Recruitment and retention

Is moving up a bigger retention problem than moving out? 

A new leadership pyramid has emerged that is pulling talent up faster than it can be replaced, argues David Benson

A new leadership pyramid has emerged that is pulling talent up faster than it can be replaced, argues David Benson

17 Jun 2023, 5:00

“It is unquestionably a difficult time to be a headteacher,” said Amanda Spielman on the BBC’s Sunday with Laura Kuenssberg earlier this year. A welcome acknowledgment, but hardly news and far from controversial. 

The pressures of Covid hangover, cost of living, strikes, recruitment and a more exacting Ofsted framework are all generally understood. To these, Sam Strickland’s article in these pages last week did well to add increases in behaviour incidents, parental complaints and mental health issues.  

I would also draw attention to a rise in complex safeguarding cases , unprecedented battles around student attendance and the stress of navigating sensitive cultural debates, which play out in the classroom just as much as they do in parliament and social media.   

But there is something else affecting leadership retention, something more systemic. With over 80 per cent of secondaries (and counting) now part of MATs, a subtle but important shift has taken place in how the profession builds and sustains its capacity.  

Instead of serving one school for an extended period, many heads now become executive heads after a few successful years, then regional directors, directors of education and MAT CEOs shortly after that. The professional pyramid which has existed for decades has been fundamentally altered. In fact, another pyramid has been built on top of it.  

The logic is that these skilled heads can then coach the next generation behind them, disseminating strong leadership across a wider group of schools. An attractive prospect, especially for DfE.  

Where this model works, it is undoubtedly transformative for the schools involved, and I’ve been fortunate to see this first hand. But where it doesn’t, it can lead to top-heavy, bureaucratic structures, and a feeling among staff that decision making has been divorced from the school. This is happening at the exact moment when schools need maximum flexibility to respond to a changing landscape, and high levels of transparency and staff voice in terms of how they operate.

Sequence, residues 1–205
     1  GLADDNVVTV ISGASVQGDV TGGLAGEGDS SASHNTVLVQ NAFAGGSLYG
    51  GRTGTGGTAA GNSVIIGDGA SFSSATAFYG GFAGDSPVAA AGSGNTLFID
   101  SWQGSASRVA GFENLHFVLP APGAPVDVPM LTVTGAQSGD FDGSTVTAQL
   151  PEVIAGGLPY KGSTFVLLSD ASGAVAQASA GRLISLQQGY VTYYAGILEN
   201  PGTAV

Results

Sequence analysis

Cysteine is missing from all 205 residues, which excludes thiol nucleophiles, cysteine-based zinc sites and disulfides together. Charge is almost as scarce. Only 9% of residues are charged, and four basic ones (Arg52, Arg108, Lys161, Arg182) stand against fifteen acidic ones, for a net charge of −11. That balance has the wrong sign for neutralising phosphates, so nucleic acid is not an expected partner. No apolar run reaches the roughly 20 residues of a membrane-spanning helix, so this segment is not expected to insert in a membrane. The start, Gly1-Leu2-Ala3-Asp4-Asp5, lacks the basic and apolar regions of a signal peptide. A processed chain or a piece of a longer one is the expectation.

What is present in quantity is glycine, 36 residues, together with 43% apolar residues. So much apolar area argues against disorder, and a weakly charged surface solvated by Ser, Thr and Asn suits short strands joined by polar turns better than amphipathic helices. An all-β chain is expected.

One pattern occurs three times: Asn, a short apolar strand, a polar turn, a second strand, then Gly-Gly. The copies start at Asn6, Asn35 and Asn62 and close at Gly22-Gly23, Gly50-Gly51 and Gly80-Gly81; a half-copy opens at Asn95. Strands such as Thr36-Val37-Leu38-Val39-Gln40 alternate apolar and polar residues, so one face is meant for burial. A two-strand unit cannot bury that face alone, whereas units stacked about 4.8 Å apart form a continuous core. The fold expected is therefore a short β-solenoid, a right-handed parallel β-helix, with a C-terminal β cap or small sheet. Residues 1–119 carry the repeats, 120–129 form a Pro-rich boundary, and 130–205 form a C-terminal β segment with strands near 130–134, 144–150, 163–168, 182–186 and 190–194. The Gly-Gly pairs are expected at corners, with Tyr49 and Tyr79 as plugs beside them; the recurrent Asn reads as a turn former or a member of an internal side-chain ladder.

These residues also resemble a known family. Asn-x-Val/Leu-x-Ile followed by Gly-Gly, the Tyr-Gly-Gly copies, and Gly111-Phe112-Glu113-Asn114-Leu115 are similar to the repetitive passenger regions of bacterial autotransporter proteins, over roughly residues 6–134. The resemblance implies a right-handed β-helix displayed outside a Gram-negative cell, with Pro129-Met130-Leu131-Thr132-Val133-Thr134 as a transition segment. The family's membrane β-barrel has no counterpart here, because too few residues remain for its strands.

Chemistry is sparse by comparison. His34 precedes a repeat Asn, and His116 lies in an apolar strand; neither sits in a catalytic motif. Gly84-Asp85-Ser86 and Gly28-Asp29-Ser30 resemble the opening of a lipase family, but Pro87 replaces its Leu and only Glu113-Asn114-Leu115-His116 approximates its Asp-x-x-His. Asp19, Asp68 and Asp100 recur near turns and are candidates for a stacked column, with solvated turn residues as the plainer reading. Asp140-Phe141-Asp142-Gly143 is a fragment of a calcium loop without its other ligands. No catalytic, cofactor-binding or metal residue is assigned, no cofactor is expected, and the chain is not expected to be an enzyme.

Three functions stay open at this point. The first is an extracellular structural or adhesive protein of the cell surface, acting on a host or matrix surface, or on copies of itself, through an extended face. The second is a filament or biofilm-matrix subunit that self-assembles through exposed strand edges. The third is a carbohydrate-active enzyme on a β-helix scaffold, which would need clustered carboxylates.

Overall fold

And then, of course, there is the small matter of there not being enough heads, full stop. Schools Week recently reported a 54 per cent increase in headteacher vacancies compared to last year, with hundreds of schools having to re-advertise headships two or even three times before filling a post.  

A subtle but important shift has taken place 

Restoring some of the traditional status and responsibilities of heads – including fuller autonomy over financial and educational strategy – could be key to tackling that problem. It’s certainly questionable whether elevating effective heads out of their roles is always smart, given this context.  

Many CEOs and heads in MATs will swear by the collaborative power of what has emerged as the dominant MAT structure, and plenty of MATs – like those I’ve worked with – are careful not to move heads too quickly.  

There is clearly merit in dividing up executive responsibility, be that among a large and experienced SLT or a group of MAT executives who operate around the head. It’s also true that coaching for new heads – whether done by an executive head or a trained leadership coach – is essential.  

For my part, having just finished my first decade as a headteacher (all at the same school), I can honestly say my enthusiasm for this job remains undiminished. In January, rather than ‘moving up’, I will be starting a second headship, beginning all over again. Headship is undoubtedly tough, but also hugely rewarding.

The heads I learned from all measured their impact in (minimum) 5-year blocks. They understood that as a head you grow through different phases, and the continuity you provide adds deep community value.  

So for any head who secures great results this summer or has just banked a successful Ofsted, I would take pause if your CEO pops their head round your door to offer you a new challenge. Perhaps say you’d take the (well-earned) pay-rise thank you very much, but not the move. 

The new pyramid may or may not be a permanent feature of the education system, but schools and their communities will always need headteachers who know them and are committed to their children for the long haul. 

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2 Comments

  1. Another complication of this new pyramid relates to the salaries of these MAT ‘top’ roles and how that results in lower salaries for the Headteachers below them. As new MAT roles are created, the review of headteacher salary scales results in a lower starting salary for those new heads. This is to allow attractive salaries for the MAT roles (after all, they have to be attractive enough to exec heads who are already earning a large salary). This does nothing to help attract people to this crucial role. Especially, at a time when, as Spielman herself has acknowledged, “it is unquestionably a difficult time to be a headteacher.”

  2. Chris Pyle

    A very thoughtful corrective to the “on and up, up and out” culture – it is good to read this praise for continuity in leadership and community.